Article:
Humana CEO Mike McCallister, no fan of the way national health care reform was handled, has long been on his own mission to rein in massive health care costs.
It's a mission that has taken McCallister from the health insurer's Louisville headquarters to Washington to his latest stop Friday: a Humana outpost in St. Petersburg that he believes holds one of the cost-cutting keys.
The fledgling operation here, called Humana Cares, targets preventive care and follow-up care in a nonhospital setting, namely the comfort of a member's home. Since opening its doors in the Carillon business park just shy of two years ago, Humana Cares has exploded from 200 employees to 820 workers today. And it's still growing.
Within the Humana organization, "this will be the business group likely to grow the fastest," McCallister said. That's saying something for a company that has nearly tripled its workforce since McAllister became CEO a decade ago, growing into one of the nation's largest health insurers with over 35,000 employees and $34 billion in annual revenue.
Humana is best-known as Florida's biggest Medicare health-benefits company. It operates its national Medicare marketing and customer service call centers in east Tampa. All told, it has more than 2,000 bay area workers making it one of the region's biggest employers.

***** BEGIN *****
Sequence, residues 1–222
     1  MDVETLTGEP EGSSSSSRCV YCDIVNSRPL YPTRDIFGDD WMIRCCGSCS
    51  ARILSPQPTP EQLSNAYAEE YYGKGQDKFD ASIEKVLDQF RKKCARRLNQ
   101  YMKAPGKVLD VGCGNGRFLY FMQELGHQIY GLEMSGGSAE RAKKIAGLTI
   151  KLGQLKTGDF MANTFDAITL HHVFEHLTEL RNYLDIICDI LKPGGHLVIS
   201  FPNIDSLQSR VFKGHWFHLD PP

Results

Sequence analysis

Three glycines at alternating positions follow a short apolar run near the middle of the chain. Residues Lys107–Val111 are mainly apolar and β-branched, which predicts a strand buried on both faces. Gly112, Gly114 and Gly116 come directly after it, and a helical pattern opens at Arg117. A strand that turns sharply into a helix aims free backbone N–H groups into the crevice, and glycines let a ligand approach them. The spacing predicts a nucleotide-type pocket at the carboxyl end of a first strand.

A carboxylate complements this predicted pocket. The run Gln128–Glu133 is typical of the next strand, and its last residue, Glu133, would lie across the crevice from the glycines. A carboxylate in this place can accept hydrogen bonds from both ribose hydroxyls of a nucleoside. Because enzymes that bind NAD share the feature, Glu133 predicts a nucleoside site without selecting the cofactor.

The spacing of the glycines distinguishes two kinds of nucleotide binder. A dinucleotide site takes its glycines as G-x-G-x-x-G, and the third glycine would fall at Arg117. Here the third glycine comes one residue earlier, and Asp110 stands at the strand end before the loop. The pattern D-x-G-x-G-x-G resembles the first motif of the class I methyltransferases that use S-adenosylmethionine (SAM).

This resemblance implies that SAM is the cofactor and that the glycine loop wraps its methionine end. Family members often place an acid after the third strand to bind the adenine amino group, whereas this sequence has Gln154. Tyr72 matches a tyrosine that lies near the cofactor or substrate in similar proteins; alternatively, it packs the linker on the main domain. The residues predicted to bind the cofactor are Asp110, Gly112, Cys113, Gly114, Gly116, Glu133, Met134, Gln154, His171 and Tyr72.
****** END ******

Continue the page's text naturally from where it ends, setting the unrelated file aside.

The Humana Cares unit offers counseling over the phone and through home visits for those ailing from a variety of illnesses. Some of its nurses work at Carillon making calls to members; some work out of their homes.
On Friday, McCallister made his first visit to the operation to showcase new technology that he hopes will raise preventive care — and cost savings — to a new level. In a pilot program, Humana is setting up remote health monitoring stations in members' homes to communicate directly with its nurses.
Initially, the insurer is targeting congestive heart failure patients, giving them devices to monitor their blood pressure, weight, heart rate and other vitals on a daily basis with results automatically inputted into the system. Weight gain and higher blood pressure are both possible signs of a heart problem.
The set-up includes an interactive program to quiz members about medical changes and a computer monitor to video-conference as needed with a specific Humana nurse assigned to them.
Other companies have experimented with home health video conferencing. "It's the combination of the case manager with the technology that makes this stand out," said Humana Cares president Jean Bisio.
The 18-month-long pilot, which costs less than $3 million, was developed through technology developed by Intel-GE Care Innovations. It's gradually being rolled out to about 2,000 members, but McCallister envisions it going far further.
Programs like this, he said, will be critical to cutting health care waste. Anywhere from 15 to 50 percent of all health care costs are "non-value added," McAllister said — costs such as unnecessary emergency room and clinic visits.
"We're trying to change the entire dynamic," he said. "It's not just (members') health care … but their wellness."